- Project Senior Associate : Bidisha Sinha
- Project Associate : Shajay Bhooshan
- Project Team : Vishu Bhooshan, Henry Louth, David Reeves, Nhan Vo, Mattia Santi, Sai Prateik Bhasgi, Karthikeyan Arunachalam, Tommaso Casucci, Marko Margeta, Filippo Nassetti, Mostafa El Sayed, Suryansh Chandra, Ming Cheong, Carlos Parraga-Botero, Ilya Pereyaslavtsev, Ramon Weber
- CDM : Gardiner & Theobald
- Architects In Charge : Zaha Hadid, Patrik Schumacher
- Project Director : Charles Walker
- City : London
- Country : United Kingdom
Text description provided by the architects. It is a wonderful coincidence that we started work designing the Science Museum’s Mathematics Gallery in the bicentennial year of the birth of Ada Lovelace, a pioneering woman in the history of computers and of ‘poetic science’. Her inspirational influence on our approach to the design of the project, from inception to completion, cannot be overstated. Just as her Notes unravelled the abstract world of the analytical engine and its logic to generations beyond, we hope the design of the Mathematics Gallery complements the curatorial ambitions to inspire and engage further generations with the instinctive and physical aspects of mathematics. Collections like those housed within the Science Museum in London are instrumental in allowing the human mind to explore the many dimensions of innovation. The new group of objects on display in the Gallery is meticulously curated to narrate seemingly everyday moments in innovation driven by mathematics.
Our design for the Gallery responds to the ambition of David Rooney and his team to present mathematics not as an academic concept, but as a practice that influences technology and enables the environment around us to be transformed. Mathematics and its tools have always played a central role in the evolution of the human understanding of nature and the constructed world:
for example, Sir Isaac Newton’s methods to derive the laws of gravitation, Henri Poincaré’s extension of the Cartesian geometries to the planetary system and Lord Kelvin’s use of the mathematical technique of curve-fitting to predict the tides.
Mathematics forms one of the cornerstones of the foundations of computing and of scientific methods of research within architectural practices. It has had a profound influence on architectural shapes and forms (known as morphology) and their origins, basing them on sound structural principles. The enhancement of the performative aspects of design with respect to the built environment, its manufacture and ultimately the comfortable navigation by people within these environments, forms an integral part of building on these foundations.
With historical training in geometric methods to understand morphology, architects are well positioned to contribute to this collaborative endeavour of delivering information-rich settings that support the complex needs of humans within the built environment. A large proportion of our own work emerges from our fascination with mathematical logic and geometry, with advances in design technology enabling us to rethink form and space. The fluid surfaces and structures of each project thus generated are defined by scientific innovations. Our design for the Mathematics Gallery realises such an effort.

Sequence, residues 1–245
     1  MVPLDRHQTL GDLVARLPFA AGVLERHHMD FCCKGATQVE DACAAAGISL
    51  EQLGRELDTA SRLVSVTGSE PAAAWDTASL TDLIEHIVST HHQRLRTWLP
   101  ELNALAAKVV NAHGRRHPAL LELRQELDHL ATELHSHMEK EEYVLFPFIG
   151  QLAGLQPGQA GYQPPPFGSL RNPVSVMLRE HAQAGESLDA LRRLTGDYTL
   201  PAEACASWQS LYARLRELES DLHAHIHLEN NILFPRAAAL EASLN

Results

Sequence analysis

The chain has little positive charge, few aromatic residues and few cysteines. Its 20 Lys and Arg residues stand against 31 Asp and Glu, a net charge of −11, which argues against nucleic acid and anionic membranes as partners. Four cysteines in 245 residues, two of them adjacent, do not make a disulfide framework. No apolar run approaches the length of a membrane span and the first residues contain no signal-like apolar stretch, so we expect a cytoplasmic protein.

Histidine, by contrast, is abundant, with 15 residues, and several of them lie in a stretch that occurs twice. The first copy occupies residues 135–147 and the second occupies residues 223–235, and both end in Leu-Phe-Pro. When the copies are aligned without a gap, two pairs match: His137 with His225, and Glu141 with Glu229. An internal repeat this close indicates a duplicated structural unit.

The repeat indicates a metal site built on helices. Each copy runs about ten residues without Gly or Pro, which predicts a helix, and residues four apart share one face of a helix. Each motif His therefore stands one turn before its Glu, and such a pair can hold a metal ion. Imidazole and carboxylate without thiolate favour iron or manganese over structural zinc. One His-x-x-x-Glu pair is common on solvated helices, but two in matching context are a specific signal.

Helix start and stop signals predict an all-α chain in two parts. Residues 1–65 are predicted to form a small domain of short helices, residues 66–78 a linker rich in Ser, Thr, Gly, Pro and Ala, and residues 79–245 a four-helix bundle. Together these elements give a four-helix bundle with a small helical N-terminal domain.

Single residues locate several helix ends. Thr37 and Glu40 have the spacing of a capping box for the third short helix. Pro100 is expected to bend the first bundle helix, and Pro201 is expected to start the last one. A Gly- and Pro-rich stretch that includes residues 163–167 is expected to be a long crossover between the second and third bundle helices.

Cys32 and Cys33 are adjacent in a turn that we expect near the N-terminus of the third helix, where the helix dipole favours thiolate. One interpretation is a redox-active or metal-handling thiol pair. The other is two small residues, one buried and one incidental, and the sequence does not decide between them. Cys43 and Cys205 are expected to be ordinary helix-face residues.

The successful flight of the Handley Page aeroplane in the 1929 Guggenheim competition, with its short take-off and landing distances, represents a triumphal moment in the accessibility of aviation to ordinary men and women. The spatial organisation of the Gallery places a central emphasis on this important product of British aviation, and the transformational capacity of mathematics and science, by taking inspiration from one of the key moments in the flight of the plane and the concepts of aerodynamics embodied within.
While mathematical logic and geometry can provide an intuitive model to understand the natural world, computational tools allow us to examine scenarios that enable a nuanced understanding of the mechanisms of nature. Using the principles of a mathematical approach known as computational fluid dynamics which acts as an organisational guide, the layout of the Gallery allows for the virtual lines of airflow to be manifested physically. The positioning of the more than 100 historical objects, and the production of robust arch-like benches using robotic manufacture, all embody the mathematical spirit of the brief. The resulting spatial experience created by these components within the Winton Gallery enables visitors to see some of the many actual and perceivable ways in which mathematics touches our lives.